The Ridge Road swimming pool in Raleigh, N.C. is packed. There are easily 200 people here competing in a swim meet, some of them as young as 5 years old.

Minimum Wage, Home Care Workers
Leoneda Inge

From California to New York, a minimum wage increase to $15 an hour is becoming more of a reality.  Durham workers rallied Thursday in support.

Most of the people rallying outside a McDonald’s restaurant in Downtown Durham were longtime home care and child care workers, like Tolanda Barnette.   Barnette says after more than a decade of working in child care in North Carolina, she still only makes $10 an hour.

“We do the hardest and the most work in the child care center and we are the least and most underpaid," said Barnette.

Produce, Shopping, Grocery Stores

A new study out of Duke University shows people shopping with reusable bags often make surprising choices.

Bryan Bollinger is an Assistant Professor of Marketing at Duke’s Fuqua School of Business. He says they examined the habits of close to 900 families who shopped at a California supermarket. Bollinger says here’s what happened if they shopped with their own, reusable bag.

Lucille Ervin, Durham, St. Mark AME Zion
Leoneda Inge

There was a special birthday celebration for one of Durham’s long-time residents Tuesday.

Lucille Ervin turned 108 years old.  About 30 people gathered on the lawn of St. Mark AME Zion Church to wish her well and sing "Happy Birthday".

Ervin moved to North Carolina from South Carolina 80 years ago.  And she’s been here ever since.  She was born in Charleston and raised by an Aunt and Uncle who lived on land handed down by their slave owners, according to Dorothy Fuller, Ervin's cousin.

Durham Art, Mariott City Center, Durham Sculpture
Leoneda Inge

Durham community leaders, artists and residents are working to make sure downtown remains people-friendly as it grows.

After a year of getting to know Durhamites, award-winning Landscape Architect and Environmental Artist Mikyoung Kim presented an art infused vision plan for downtown Durham.  Kim’s job was to connect the corridor between the Old Durham Bulls Ballpark and the new one.

Google Fiber, Google, Internet Construction
Google Fiber

Folks in the Triangle cheered when Google announced it was bringing ultra-high-speed internet and TV service to the area.  Google officials say now it’s time for patience as they start digging up and building new infrastructure to accommodate the technology.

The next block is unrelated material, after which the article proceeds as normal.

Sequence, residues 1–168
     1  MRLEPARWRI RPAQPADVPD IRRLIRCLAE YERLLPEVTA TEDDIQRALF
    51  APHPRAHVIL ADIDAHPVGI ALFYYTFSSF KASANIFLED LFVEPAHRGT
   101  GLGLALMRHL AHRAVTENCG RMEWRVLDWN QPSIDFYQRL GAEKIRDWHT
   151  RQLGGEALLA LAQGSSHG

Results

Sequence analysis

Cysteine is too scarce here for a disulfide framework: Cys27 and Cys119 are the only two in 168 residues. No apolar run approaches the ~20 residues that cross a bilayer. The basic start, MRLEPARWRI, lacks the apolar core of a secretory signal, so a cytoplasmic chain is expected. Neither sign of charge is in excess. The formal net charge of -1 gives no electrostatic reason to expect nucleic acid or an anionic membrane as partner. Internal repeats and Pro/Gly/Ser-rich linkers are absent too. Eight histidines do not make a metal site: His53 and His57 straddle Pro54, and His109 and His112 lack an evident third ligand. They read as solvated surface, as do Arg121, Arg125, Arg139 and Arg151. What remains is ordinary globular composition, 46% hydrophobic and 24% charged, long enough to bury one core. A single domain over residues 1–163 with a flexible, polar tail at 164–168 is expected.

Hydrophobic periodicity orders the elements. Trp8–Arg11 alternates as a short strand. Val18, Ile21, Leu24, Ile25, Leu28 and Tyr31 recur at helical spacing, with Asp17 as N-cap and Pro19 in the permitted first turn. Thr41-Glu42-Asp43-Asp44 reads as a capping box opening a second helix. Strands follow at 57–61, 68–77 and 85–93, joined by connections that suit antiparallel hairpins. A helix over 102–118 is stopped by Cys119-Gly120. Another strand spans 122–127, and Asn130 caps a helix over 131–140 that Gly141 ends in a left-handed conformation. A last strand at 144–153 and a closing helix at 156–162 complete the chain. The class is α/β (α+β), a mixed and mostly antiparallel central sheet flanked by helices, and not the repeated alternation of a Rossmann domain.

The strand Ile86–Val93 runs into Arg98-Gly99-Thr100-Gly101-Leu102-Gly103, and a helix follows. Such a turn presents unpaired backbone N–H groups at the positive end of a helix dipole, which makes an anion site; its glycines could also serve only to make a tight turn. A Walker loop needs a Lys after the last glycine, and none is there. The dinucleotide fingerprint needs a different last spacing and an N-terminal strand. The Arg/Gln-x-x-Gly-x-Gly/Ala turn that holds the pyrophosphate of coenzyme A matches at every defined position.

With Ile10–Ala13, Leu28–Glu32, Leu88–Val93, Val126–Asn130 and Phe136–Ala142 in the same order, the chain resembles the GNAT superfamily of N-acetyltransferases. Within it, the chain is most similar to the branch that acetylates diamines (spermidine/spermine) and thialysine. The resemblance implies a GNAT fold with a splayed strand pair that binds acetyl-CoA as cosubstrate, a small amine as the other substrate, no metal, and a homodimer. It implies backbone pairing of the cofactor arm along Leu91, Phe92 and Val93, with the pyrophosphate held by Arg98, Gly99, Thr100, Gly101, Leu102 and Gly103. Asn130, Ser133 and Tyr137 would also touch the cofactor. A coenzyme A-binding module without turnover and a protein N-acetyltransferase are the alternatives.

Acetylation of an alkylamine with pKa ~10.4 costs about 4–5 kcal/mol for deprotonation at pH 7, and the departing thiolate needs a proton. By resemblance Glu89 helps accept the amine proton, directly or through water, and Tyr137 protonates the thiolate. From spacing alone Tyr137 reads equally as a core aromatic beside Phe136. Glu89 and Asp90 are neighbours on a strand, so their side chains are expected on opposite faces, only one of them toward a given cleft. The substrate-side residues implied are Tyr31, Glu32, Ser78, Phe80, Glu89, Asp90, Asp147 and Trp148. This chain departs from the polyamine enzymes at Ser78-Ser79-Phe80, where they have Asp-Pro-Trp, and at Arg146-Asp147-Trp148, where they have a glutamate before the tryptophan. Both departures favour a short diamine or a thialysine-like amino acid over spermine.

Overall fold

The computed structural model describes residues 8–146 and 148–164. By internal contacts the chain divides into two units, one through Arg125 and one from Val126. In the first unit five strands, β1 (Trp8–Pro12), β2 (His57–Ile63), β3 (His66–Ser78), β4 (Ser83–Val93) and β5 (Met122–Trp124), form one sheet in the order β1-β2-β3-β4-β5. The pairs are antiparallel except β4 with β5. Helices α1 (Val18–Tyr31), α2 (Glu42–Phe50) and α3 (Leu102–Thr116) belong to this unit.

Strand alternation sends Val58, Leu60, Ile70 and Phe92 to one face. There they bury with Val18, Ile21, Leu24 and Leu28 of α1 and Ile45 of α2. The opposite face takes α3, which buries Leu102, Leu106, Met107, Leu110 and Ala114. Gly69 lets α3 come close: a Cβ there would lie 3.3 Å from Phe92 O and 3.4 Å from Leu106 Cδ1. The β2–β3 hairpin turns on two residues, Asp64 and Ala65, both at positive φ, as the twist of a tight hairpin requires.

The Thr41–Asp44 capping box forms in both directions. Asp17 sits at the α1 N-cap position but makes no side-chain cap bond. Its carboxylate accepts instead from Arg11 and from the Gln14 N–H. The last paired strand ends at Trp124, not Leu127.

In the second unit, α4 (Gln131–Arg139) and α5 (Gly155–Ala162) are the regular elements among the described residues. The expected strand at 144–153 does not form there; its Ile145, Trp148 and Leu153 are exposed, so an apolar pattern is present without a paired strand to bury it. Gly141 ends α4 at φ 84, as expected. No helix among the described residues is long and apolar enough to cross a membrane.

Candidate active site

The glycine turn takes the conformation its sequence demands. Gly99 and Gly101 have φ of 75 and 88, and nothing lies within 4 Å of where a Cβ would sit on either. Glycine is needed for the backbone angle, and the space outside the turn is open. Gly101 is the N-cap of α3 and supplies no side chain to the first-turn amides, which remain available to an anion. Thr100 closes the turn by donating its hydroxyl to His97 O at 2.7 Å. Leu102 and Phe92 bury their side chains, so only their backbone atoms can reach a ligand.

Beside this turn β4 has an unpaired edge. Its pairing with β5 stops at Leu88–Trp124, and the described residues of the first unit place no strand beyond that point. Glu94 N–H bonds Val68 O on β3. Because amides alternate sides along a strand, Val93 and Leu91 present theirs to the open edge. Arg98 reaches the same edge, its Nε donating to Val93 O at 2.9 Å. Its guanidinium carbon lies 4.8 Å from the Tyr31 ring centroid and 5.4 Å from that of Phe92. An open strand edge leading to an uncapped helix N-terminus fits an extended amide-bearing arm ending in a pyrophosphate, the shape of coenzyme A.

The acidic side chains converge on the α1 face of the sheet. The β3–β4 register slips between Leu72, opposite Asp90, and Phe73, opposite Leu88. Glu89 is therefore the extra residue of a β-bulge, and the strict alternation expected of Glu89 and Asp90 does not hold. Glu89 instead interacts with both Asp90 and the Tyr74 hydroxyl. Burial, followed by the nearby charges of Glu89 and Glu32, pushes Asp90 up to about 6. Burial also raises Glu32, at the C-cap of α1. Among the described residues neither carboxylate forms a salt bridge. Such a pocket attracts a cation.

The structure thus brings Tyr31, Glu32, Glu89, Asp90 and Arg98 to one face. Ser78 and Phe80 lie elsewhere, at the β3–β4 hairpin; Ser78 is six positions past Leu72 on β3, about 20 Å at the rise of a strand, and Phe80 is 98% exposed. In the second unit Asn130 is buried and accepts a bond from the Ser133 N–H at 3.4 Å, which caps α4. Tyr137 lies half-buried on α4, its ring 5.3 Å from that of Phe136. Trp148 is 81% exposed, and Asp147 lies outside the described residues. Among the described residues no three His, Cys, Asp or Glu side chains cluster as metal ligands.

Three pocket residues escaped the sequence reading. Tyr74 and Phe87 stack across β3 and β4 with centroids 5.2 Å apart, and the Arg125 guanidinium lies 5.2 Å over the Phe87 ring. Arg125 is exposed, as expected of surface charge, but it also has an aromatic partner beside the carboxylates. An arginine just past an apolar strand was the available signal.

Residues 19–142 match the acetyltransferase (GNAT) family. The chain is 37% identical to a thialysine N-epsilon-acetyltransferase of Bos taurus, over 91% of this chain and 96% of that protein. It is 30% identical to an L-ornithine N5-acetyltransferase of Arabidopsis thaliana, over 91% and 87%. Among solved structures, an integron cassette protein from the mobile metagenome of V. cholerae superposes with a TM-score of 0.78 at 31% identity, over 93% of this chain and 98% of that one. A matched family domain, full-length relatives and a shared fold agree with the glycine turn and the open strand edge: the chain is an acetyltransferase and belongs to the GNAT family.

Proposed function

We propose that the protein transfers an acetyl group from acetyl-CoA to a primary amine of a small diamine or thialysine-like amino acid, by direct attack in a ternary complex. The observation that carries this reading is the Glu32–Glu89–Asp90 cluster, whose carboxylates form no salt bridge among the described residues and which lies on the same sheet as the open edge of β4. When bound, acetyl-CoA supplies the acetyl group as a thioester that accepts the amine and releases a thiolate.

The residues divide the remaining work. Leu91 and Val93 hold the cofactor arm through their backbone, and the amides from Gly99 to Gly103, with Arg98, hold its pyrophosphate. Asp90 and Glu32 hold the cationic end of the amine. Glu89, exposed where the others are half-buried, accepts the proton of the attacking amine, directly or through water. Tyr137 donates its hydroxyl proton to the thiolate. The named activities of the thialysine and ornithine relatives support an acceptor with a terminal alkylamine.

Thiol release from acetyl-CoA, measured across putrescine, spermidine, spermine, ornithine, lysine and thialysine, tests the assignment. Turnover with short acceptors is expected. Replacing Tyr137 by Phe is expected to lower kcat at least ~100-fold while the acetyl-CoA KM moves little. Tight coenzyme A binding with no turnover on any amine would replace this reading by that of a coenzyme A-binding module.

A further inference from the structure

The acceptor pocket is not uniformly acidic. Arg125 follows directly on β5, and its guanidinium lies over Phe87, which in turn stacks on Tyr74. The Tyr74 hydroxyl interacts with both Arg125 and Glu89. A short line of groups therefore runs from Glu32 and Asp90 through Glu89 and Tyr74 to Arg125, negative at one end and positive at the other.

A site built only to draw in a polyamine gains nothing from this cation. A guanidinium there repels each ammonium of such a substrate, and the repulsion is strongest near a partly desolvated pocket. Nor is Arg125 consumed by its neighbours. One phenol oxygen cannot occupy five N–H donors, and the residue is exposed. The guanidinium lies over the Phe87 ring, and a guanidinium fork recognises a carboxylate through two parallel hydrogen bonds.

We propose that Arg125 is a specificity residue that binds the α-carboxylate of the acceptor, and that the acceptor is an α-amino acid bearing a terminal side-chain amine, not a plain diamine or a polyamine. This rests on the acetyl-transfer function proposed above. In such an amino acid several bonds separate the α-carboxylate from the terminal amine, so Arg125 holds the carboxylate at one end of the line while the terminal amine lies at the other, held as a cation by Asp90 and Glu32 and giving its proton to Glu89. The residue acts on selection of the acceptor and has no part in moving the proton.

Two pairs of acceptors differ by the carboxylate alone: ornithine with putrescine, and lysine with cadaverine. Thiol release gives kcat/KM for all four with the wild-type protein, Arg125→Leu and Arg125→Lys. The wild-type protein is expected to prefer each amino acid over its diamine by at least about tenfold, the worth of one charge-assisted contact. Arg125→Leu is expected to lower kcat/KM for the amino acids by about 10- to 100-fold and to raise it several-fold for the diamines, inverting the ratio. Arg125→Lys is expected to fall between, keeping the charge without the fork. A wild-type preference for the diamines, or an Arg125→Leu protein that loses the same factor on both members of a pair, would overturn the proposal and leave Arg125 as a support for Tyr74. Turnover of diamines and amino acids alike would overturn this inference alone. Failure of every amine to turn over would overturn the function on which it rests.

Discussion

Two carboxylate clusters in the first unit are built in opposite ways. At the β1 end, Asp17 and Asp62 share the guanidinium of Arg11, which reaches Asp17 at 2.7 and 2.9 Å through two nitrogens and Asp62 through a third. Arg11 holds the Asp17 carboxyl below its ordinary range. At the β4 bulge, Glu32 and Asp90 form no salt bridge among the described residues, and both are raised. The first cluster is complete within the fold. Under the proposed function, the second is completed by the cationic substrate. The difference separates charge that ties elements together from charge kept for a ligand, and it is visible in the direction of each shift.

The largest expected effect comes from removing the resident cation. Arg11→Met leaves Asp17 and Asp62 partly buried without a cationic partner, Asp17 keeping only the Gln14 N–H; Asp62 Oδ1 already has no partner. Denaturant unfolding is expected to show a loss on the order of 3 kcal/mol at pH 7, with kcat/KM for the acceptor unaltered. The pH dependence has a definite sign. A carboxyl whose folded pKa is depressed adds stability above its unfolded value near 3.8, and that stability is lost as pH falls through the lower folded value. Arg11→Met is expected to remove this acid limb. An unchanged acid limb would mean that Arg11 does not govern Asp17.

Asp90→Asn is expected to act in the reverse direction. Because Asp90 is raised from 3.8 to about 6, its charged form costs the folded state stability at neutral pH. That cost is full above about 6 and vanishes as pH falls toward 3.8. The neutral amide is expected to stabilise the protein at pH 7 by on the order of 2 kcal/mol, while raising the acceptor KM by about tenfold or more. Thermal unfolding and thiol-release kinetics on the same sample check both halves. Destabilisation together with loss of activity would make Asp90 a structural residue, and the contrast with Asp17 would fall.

A lot of lobbying and planning went into the Triangle and Charlotte being chosen for Google Fiber, which can deliver data 100 times faster than your basic Internet service.

Governor Pat McCrory was one of the biggest cheerleaders at the announcement five months ago.

Deborah Woodward, St. Paul AME Church, Piano, Vigil
Leoneda Inge

Hundreds of people of multiple colors and creeds filled St. Paul AME Church in Chapel Hill Friday.  It was a vigil to remember the slain members of Emanuel African Methodist Episcopal Church in Charleston, South Carolina.

Vivian Howard, Cynthia Hill, A Chef's Life
Leoneda Inge / WUNC

Kinston is the heart of Lenoir County in eastern North Carolina.  Longtime residents say it was heart-breaking to see their hometown fall apart as traditional industries like textiles and tobacco disappeared.  But during the past decade a new, more diverse economic landscape has developed. 

One person who is getting a lot of credit for helping to transform her hometown of  Kinston is Chef Vivian Howard.

Nothing brings Kinston residents together like the annual BBQ Festival on the Neuse.

Colored Troops
Leoneda Inge

Events commemorating the 150th Anniversary marking the end of the Civil War are wrapping up across the south.  It is noticeable that most of the visitors attending these events are white.

But organizers at the Stagville State Historic Site in Durham made sure their event over the weekend would be more diverse.  They say “Freedom 150” focused on the lives of the former slaves once the Civil War came to an end.

An image of the Stagville barn

Events commemorating the 150th anniversary of the end of the Civil War are wrapping up. Organizers will mark the freedom of hundreds of slaves after the war Saturday, May 30, at the Stagville Historic site in Durham.

The event is called “Freedom 150.”  Jerome Bias sits on the Historic Stagville Foundation Board.  He says they are trying to make sure slavery is not forgotten.

Charles Hayes, RTRP
Research Triangle Regional Partnership

The Research Triangle Regional Partnership is celebrating twenty-five years of marketing and growing the economic base of the region.

Charles Hayes heads the Research Triangle Regional Partnership and remembers when the group’s economic development focus was in three counties.

“UNC Chapel Hill, Duke and NC State University and the cities they were in," said Hayes.

Collage Dance Company
Jerri Dorsey-Hall

The Collage Dance Company has wowed audiences for decades with its authentic African costumes, precise foot-work and exquisite drumming.  And some of the performers are as young as ten years old!

Tonight, the Durham-based company is celebrating its thirtieth anniversary with a performance at the Carolina Theatre featuring more than one generation on stage.

Light Emitting Diodes
Mike Deal / Flickr

Durham-based Cree, known for its LED lighting, is spinning off another company.

Cree is calling the new business group the Cree Power and Radio Frequency Division.

Sharon Belenzon is an Associate Professor of Strategy at Duke’s Fuqua School of Business.  Belenzon says he was not surprised by the news.

“So this legal separation in many, many cases creates huge value when you have divisions which have high growth opportunities and divisions which have low growth opportunities," said Belenzon.

Wake Tech, Co-Curricular Transcripts
Melody Wiggins

Community college graduates at Wake Tech can now get a second transcript to show off their leadership, volunteerism and sports skills.

Wake Tech is the first community college in the state to offer Co-Curricular Transcripts or CCTs.

And Glenn Strumke is the first Wake Tech student to take advantage of the additional transcript that could help in a job search or school search.